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Ruth Buffington and Jim Bremer

Published:

One Giant Step

Size: 84″ × 36″

In 2016, we were invited to participate in a show at the Fuller Craft Museum in Brockton, MA, near Boston. I came up with a concept that would showcase Ruth’s fashion skills. The centerpiece was a woman stepping through a portal from the past into the future. Ruth created pearlized leather pants, an etched copper bustier, and a bolero jacket made from a crocheted tablecloth. The big “WOW” occurred when Ruth created these over-the-top, bead-embroidered high heel platform shoes. We didn’t know it then, but that was the birth of Shoetopia.

In These Shoes?

These high-heel platform shoes are covered with clock parts, shoe buttons, button hooks, shoehorns, shoe polish cans, subway tokens, typewriter keys, oil lamp parts, and thousands of mostly antique beads that are sewn on by hand. The six-foot-tall figure stood on a platform that elevated it three feet above the floor. This enabled museum goers to get really close to the shoes. A chorus of OMGs and flickering iPhones usually followed.

We worked together for nine months creating five pieces for the New Sole of the Old Machine: Steampunk Brockton Show. We came away from it knowing that we had created a unique style that people responded to.

Regardless how you feel about our work, you probably haven’t seen anything quite like it before. It’s hard to copy because it takes a diverse skill set and considerable patience to execute.

Ruth

Growing up on the south coast of Oregon with a creative, artistic mother gave me a strong foundation for my current artwork. She taught me a variety of techniques, many of which I continue to develop and use to this day. For a dozen years in the ‘80s and ‘90s, I used the sewing skills she taught me as I professionally created reverse appliqué leather clothing and expanded that into the sale of home goods. In the last 15 years, I’ve learned bead embroidery, paperclay sculpture of dolls and animals, metal etching, collage with antique documents, and bookmaking, which I learned from fellow artist Sharon Payne Bolton. My favorite projects are the ones that incorporate more than one skill. 

Finding someone as talented as my husband, Jim, has continued to challenge me and expand my creative possibilities. I’m aware how rare it is for a couple to share such an intense desire to create art and even more rare to share the processes of creating. I feel fortunate that our skill sets don’t overlap and that we can support each other’s work.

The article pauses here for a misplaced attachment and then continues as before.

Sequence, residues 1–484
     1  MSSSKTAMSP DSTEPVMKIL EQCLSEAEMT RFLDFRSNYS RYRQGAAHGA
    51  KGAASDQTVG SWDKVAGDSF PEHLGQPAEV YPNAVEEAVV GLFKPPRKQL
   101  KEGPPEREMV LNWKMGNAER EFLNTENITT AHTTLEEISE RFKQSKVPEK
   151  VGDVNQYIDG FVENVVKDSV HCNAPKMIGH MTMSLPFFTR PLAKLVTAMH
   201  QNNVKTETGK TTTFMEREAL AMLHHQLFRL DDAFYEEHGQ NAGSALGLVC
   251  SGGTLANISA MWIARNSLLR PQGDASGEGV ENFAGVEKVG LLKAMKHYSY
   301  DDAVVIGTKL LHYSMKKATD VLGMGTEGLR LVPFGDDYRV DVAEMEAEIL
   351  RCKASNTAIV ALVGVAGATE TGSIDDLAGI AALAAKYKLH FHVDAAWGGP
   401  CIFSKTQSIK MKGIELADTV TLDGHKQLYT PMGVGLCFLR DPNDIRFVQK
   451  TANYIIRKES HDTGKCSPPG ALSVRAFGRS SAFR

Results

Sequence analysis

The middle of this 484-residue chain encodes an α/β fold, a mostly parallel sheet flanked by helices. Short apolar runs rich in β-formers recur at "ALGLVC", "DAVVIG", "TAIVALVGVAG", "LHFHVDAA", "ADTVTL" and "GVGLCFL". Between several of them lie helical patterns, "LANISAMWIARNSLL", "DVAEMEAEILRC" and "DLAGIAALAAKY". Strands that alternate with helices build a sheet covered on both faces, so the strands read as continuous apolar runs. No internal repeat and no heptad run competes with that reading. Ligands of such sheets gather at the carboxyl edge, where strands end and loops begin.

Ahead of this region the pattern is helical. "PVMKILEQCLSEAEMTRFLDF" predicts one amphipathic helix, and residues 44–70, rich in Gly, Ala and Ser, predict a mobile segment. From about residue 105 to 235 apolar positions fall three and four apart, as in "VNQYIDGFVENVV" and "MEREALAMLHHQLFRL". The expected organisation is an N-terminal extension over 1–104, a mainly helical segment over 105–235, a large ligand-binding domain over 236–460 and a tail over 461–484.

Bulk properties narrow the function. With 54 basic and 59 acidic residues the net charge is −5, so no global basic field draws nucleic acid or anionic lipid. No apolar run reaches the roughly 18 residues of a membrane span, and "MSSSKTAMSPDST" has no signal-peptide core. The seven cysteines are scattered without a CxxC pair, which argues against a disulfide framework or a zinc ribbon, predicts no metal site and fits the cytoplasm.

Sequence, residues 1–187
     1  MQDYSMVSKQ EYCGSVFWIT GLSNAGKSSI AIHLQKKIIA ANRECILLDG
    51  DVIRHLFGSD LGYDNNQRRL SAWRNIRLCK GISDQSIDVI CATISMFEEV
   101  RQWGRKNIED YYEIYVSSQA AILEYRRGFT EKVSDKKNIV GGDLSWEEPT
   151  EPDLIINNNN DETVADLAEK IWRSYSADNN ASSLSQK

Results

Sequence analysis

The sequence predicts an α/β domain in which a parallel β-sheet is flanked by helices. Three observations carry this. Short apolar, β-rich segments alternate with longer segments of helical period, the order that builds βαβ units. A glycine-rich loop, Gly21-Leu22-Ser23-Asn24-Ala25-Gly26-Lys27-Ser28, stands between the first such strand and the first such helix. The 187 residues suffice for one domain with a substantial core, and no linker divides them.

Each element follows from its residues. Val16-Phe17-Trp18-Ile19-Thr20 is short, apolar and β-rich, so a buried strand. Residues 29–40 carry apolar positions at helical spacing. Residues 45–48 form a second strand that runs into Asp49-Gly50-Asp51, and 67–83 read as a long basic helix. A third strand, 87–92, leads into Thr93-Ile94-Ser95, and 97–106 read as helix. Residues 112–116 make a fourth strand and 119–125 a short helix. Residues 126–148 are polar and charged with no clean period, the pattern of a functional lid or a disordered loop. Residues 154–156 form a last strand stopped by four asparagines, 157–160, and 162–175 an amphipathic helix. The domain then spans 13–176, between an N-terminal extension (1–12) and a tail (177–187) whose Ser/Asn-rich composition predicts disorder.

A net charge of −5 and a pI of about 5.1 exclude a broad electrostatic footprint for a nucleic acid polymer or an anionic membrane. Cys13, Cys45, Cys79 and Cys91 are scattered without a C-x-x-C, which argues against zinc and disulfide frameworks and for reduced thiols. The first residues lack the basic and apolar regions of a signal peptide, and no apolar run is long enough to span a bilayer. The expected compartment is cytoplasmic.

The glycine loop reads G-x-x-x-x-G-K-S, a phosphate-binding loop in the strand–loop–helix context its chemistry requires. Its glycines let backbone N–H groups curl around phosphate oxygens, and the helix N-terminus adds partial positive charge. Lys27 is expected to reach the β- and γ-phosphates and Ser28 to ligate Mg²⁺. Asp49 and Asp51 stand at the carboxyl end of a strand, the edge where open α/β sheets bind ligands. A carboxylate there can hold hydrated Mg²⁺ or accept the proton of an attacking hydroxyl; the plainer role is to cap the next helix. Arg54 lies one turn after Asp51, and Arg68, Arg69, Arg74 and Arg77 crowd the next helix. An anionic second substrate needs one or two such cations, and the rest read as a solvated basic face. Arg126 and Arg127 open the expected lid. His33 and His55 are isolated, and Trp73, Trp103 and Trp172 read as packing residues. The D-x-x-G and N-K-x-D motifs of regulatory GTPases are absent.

The Highwalker

Size: 42″ × 22″ × 12″

This concept was inspired by houseplants like the sansevieria and the yucca plant. Some test pieces were created out of epoxy clay wrapped around insulated electrical wire. Epoxy clay dries as hard as a rock but is easily shaped with a rasp and is easily sanded. This shoe last is unusually large for a woman, maybe a size 12, and that gives it a real presence. The heel is made from a fire hose nozzle and a billiard ball. The platform sole is covered with embossed clay. 

Jim

I was drawing before I learned to read or write. Art has always been a key component in how I identify myself. As a child in school, I was average at everything. I went to a small rural parochial school where two or three grades were taught in the same room. So when the other grade was being taught, the rest of us were supposed to study. To my delight, that same pencil that wrote out arithmetic problems could be put to better use drawing the spaceship that would help me escape to another world. Art was usually the last class of the afternoon, so my day would end on a high note. 

I had the good fortune to go to a public high school that had an amazing art program in my hometown of Monett, Missouri. My luck continued when I chose to attend Missouri State University in nearby Springfield. I didn’t know the first thing about picking a college, but I landed in one with a superb art and design program. Art education transported me from rural farm boy to Vice President of a Fortune 500 company where we made games. My career was better than anything I could have imagined as a kid. 

Bird Boot Bangle

Size: 14″ × 8″ × 2.5″ 

Created from a wooden shoe last (a hardwood maple form that leather shoes were made on through the 1970s; today, plastic forms are more commonly used). In addition, a radio dial plate, beaded purse frame, oil lamp parts, antique found objects including clock parts, music box parts, button hook, buttons, and bead embroidery round out the piece.